Kyle Rittenhouse, who was on trial for killing two men and wounding another during police brutality protests in Kenosha, Wisconsin last summer, has been found not guilty of all counts.
Mayor Bill de Blasio tweeted immediately after the verdict was announced that the verdict was "disgusting and it sends a horrible message to this country."
At least one group is planning a protest at Barclays Center starting at 7 p.m. tonight.
Rittenhouse, 18, had been charged with first-degree intentional homicide, first-degree reckless homicide, attempted first-degree intentional homicide, and two counts of first-degree recklessly endangering safety. The jury deliberated for over 26 hours over the last four days before reaching their verdict on Friday afternoon.
The incident happened in the wake of the police shooting Jacob Blake, a 29-year-old Black man, in Kenosha last summer. Protests started after video showing a police officer shooting Blake repeatedly in the back went viral. On August 25th 2020, Rittenhouse, an Illinois resident who was 17 at the time, went to Kenosha with with medical kit and an AR-15-style rifle to join other armed people in the area as protests raged, according to the Guardian.
He said during the trial that he went there to serve as a medic and help protect private property. By the end of the night, he had fatally shot Joseph Rosenbaum and Anthony Huber and wounded Gaige Grosskreutz.
During the trial, Rittenhouse testified that he feared for his life, shooting all three men in self-defense. Although Rosenbaum hadn't touched him and was unarmed at the time (something Rittenhouse was aware of), the teenager said, "He was chasing me, I was alone, he threatened to kill me earlier that night. I didn't want to have to shoot him," Rittenhouse said. "I pointed it at him because he kept running at me and I didn't want him to chase me."
Rittenhouse was then chased by a group of people in the area; Huber apparently hit Rittenhouse with a skateboard after seeing him shoot the other man, and Rittenhouse fatally shot him. Grosskreutz, who was armed at the time, testified that he believed Rittenhouse "was an active shooter" when he confronted him.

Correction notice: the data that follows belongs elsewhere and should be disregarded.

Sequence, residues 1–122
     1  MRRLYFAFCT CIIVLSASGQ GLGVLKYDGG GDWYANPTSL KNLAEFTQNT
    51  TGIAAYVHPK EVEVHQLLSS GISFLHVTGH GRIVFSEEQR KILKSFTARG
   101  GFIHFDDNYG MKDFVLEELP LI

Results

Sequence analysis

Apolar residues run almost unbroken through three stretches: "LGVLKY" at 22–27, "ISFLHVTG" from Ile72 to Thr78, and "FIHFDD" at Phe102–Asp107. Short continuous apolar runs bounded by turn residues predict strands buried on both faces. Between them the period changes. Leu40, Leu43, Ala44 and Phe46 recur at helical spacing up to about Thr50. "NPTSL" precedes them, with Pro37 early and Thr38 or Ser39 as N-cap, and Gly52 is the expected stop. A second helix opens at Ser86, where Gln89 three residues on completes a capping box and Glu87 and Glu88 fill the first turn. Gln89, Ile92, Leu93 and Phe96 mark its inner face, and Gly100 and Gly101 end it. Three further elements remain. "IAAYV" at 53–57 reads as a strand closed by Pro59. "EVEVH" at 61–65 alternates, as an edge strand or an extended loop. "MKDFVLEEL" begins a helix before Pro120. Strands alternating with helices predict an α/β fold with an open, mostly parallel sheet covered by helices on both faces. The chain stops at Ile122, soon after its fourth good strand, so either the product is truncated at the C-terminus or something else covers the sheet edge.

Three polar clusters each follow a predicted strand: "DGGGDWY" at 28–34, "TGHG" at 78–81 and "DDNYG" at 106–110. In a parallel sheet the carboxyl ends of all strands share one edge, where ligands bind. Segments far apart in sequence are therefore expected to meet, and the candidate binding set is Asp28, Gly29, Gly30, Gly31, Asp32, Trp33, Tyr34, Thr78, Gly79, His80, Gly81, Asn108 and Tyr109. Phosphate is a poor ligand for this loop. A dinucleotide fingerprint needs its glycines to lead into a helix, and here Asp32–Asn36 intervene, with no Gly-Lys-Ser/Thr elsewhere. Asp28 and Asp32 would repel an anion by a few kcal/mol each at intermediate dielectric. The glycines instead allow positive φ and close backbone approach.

Wisconsin’s law on self-defense allows someone to use deadly force only if "necessary to prevent imminent death or great bodily harm," but jurors must determine whether defendants did feel they were in danger and whether the defendants' belief was reasonable at the time.
Prosecutors argued that Rittenhouse forfeited his right to self-defense when he pointed his AR-15-style gun at Rosenbaum, setting off the whole confrontation.
"That is what provokes this entire incident," prosecutor Thomas Binger said. "When the defendant provokes this incident, he loses the right to self-defense. You cannot claim self-defense against a danger you create."
As NPR noted, prosecutors made "repeated missteps" during the trial—defense lawyers requested a mistrial twice. Judge Bruce Schroeder also came under scrutiny during the two-week trial, including when he barred attorneys from using the term “victim” to refer to the two men Rittenhouse killed, excoriated the lead prosecutor for referencing evidence he had barred from trial, and asked the courtroom to applaud for a defense witness on Veterans Day.
Omar Jackson, director of Stand Against Violence East Harlem, an anti-gun violence organization, said he found news of the verdict unsurprising. “It's not a justice system, it's an injustice system,” Jackson told Gothamist/WNYC after an unrelated press conference on Friday. “It's designed for Black men to lose and white men to win.”
Reverend Al Sharpton put out a statement as well, calling the verdict disheartening. “These continue to be dark days for Black people killed at the hands of people that believe our lives do not matter," he said. "This verdict was not only outrageous and dangerous, it was also an obvious signal that encourages and notifies 'vigilantes' that they can continue to use violence to assert their power, and more importantly that they are above the criminal justice system when they do. While it is disheartening that we take one step forward, then several steps back, let this be a reminder that our activism cannot take a backseat.”
Other NYC politicians, including Public Advocate Jumaane Williams and Congressman Adriano Espaillat, also reacted to the verdict on Twitter.
Correction: This story has been updated to note that Rittenhouse did not cross state lines from Illinois to Wisconsin while armed, according to local officials. Lake County, Illinois State's Attorney Michael Nerheim's office said the rifle had been purchased and stored in Wisconsin, NPR reported. We regret the error.